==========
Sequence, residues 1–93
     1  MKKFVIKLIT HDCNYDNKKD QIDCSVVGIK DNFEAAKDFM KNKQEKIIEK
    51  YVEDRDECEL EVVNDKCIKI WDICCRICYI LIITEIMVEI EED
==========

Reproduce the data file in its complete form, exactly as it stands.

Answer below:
Sequence, residues 1–93
     1  MKKFVIKLIT HDCNYDNKKD QIDCSVVGIK DNFEAAKDFM KNKQEKIIEK
    51  YVEDRDECEL EVVNDKCIKI WDICCRICYI LIITEIMVEI EED